You know the familiar feeling: tingly, stingy eyes and tears followed. Why is this humble onion, a key ingredient in your next culinary development, going to cause you such discomfort?
Existence is all about survival and reproduction for plants and animals, alike. Onions are no exception. In order to avoid greedy rodents from consuming the bulbs, onions release volatile chemicals that make our eyes well up.
Onions are perennial plants and are part of the family Allium. This means that they form a tasty bulb in the first year of their life cycle which serves as an energy store. The plant grows a flower and seeds the next year, so that it may reproduce.
To protect the onion from attack, sophisticated chemistry is required and scientists have recently established how the enzyme responsible for this process works.
At the root of our discomfort is the chemical called propanethial S-oxide, also known as lachrymatory factor (LF). The scientific name for our tear-glands is “lacrimal glands,” and LF is a tear-causing chemical.
To date, only three other molecules with similar tear-inducing properties have been found, and all are plant-produced.
Marcin Golczak, Ph.D. – an assistant professor at the Department of Pharmacology at Case Western Reserve University in Cleveland, OH – and colleagues have recently discovered the enzyme structure that produces LF in onions: lachrymatory synthase factor (LF synthase).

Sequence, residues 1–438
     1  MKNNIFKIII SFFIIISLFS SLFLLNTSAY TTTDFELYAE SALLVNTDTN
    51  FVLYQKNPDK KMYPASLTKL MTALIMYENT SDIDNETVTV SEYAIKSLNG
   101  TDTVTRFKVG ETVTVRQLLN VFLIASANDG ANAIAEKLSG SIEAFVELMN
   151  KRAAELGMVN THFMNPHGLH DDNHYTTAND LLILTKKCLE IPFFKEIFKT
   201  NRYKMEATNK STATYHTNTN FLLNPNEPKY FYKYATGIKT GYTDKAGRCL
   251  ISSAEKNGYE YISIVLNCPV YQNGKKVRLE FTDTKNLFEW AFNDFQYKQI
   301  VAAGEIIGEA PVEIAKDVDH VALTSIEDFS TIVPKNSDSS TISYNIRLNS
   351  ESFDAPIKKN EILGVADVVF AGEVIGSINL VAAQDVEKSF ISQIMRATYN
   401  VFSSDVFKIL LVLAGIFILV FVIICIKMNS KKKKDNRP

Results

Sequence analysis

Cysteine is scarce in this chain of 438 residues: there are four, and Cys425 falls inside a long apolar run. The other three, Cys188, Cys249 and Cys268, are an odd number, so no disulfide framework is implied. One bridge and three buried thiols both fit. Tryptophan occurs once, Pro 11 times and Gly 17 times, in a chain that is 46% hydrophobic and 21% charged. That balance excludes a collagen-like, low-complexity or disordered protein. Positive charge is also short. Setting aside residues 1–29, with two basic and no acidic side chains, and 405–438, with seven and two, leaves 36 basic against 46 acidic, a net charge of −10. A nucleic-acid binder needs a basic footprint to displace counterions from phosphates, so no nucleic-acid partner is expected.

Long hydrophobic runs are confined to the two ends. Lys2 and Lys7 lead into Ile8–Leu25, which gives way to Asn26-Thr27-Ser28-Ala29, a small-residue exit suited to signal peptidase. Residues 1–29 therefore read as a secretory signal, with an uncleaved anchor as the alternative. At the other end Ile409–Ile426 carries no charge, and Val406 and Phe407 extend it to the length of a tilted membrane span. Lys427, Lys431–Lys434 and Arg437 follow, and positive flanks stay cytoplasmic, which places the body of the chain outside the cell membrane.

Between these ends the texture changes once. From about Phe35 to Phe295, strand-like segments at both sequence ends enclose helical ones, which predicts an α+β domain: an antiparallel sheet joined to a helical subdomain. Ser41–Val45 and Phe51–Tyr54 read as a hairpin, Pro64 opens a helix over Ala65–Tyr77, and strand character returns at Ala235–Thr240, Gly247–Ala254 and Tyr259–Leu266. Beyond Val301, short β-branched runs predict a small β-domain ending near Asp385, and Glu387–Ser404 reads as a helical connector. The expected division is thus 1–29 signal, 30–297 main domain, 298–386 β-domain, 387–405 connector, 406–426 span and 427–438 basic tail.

The cells within the onion are torn off as we start chopping. As a result, an enzyme called allinase is released which produces the chemicals which are subsequently broken down into molecules of flavor. These give their characteristic taste to the onions.
Some of the chemicals involved in this reaction are converted by LF synthase into LF. As LF comes into contact with the front of the eye, or the cornea, the nerve endings here suggest to the brain that there is an irritant on the scene. That, in effect, contributes to the tear glands being signaled back from the brain.
Thereafter, crying and blinking are performed to eliminate the irritating corneal irritant.
The elusive enzyme
Knowing the enzyme structure and function is an complicated science. While LF synthase had been described as early as 2002, no one has been able to demonstrate how it actually functions until now.
Prof. Golczak and his colleagues converted the enzyme solutions into microscopic crystals which they could then imagine using X-rays. This helped them to determine the enzyme’s 3-D structure and to identify the small pocket in which the LF chemical conversion occurs.
Detailed knowledge of this chemical process fills a fundamental knowledge gap and provides scientists with a greater understanding of the onions’ biochemical potential.
Harnessing health benefits
Two groups of scientists have already been working on producing tear-free onions to save us from the pain of tears. One of these recent onions, associated with cardiovascular disease, has been shown to prevent platelet aggregation.
The next time you get your chopping board ready to cook up a meal full of nutritious onions, think of the amazing biochemical processes that will unfold before your teary eyes.